In May 2017, Monique Gibbs received a public policy summer fellowship from the Rappaport Institute for Greater Boston, a university-wide entity housed at the Harvard Kennedy School of Government that strives to improve governance by strengthening connections between the region’s scholars, students, and civic leaders.
As a fellow, Monique managed two exciting projects for the Housing Innovation Lab at the City of Boston’s Department of Neighborhood Development. The projects focused on improving constituent access to affordable housing resources in the midst of a contentious mayoral election and housing crisis. In this column, Monique explains how her MPA degree helped her improve access and knowledge of affordable housing resources in Boston.
“Through this fellowship, I was paired with two Rappaport alumni mentors, Jessica Casey and Abudar Rahman, who are also SPPUA alumni. They both gave me great advice for succeeding within the fellowship, in my academic program, and finding career opportunities post-graduation.”
For Monique, having a community is important, and she has found it right here on campus through the Northeastern Graduate Students of Color Collective (GSCC). The GSCC is a mission driven student organization dedicated to building the capacity of graduate students of color on Northeastern campus and the local community.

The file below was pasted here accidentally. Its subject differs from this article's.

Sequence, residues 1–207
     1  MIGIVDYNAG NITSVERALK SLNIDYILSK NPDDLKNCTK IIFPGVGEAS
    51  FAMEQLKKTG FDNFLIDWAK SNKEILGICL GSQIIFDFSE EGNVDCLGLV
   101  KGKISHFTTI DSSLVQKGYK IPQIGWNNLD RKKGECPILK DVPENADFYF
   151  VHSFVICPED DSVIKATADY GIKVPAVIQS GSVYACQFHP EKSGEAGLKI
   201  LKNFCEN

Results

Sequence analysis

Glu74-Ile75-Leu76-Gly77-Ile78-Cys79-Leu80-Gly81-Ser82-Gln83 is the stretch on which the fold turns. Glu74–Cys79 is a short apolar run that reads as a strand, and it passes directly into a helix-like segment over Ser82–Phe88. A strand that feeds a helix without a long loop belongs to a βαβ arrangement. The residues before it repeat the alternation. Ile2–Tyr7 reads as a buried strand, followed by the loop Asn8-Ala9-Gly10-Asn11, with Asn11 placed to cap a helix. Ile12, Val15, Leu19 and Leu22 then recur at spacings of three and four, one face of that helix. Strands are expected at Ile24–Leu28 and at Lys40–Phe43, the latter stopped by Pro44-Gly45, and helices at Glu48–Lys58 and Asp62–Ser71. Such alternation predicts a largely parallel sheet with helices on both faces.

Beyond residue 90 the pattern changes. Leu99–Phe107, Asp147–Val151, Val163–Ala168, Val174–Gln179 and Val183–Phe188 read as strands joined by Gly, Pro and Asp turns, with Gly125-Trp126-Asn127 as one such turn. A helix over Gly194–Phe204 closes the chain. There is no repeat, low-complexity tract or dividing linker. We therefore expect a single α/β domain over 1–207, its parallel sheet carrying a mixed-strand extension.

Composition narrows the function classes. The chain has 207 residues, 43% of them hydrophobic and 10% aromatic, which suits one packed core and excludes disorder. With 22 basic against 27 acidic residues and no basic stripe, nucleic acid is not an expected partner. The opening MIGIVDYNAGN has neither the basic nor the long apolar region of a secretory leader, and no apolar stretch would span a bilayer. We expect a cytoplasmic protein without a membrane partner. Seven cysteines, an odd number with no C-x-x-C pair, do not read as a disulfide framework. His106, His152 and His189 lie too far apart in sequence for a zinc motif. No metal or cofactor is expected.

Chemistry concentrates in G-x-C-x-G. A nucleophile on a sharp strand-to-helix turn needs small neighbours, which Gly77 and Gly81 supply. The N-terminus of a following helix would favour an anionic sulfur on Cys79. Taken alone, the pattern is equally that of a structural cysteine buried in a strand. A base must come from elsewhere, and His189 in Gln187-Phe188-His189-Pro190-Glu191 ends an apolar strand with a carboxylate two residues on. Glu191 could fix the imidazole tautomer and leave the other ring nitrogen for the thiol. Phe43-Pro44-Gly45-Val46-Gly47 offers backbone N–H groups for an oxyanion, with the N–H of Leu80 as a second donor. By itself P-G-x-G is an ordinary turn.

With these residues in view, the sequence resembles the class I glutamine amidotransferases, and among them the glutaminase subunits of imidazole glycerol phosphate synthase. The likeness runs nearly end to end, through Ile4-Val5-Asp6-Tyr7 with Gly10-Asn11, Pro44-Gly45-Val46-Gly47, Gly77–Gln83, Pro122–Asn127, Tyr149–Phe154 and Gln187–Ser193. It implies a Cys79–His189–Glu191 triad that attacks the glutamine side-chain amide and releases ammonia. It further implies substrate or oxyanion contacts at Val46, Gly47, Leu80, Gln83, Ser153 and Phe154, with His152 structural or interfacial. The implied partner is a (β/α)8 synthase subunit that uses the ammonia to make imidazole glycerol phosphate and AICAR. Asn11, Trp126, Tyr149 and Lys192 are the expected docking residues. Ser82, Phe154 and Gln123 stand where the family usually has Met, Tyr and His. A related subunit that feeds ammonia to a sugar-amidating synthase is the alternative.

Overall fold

Through this group, Monique participated in a service project for underserved communities in Greater Boston, as well as a minority- and women-owned business expo. She has also participated in various campus activities including GSCC’s monthly Coffee and Conversation series and the group’s annual Multicultural Mixer.
Monique says her fellowship and internship with the Massachusetts Area Planning Council have allowed her to build a professional and personal network in the Greater Boston region. These experiences, she said, have given her the confidence to pursue career opportunities in Boston. She wants to educate people on the political process. “It is disheartening to meet people who don’t understand how much power they hold with a single vote in all elections,” she said. “I want to change that.”
Monique is now working as a Policy Innovation Associate for MassHousing.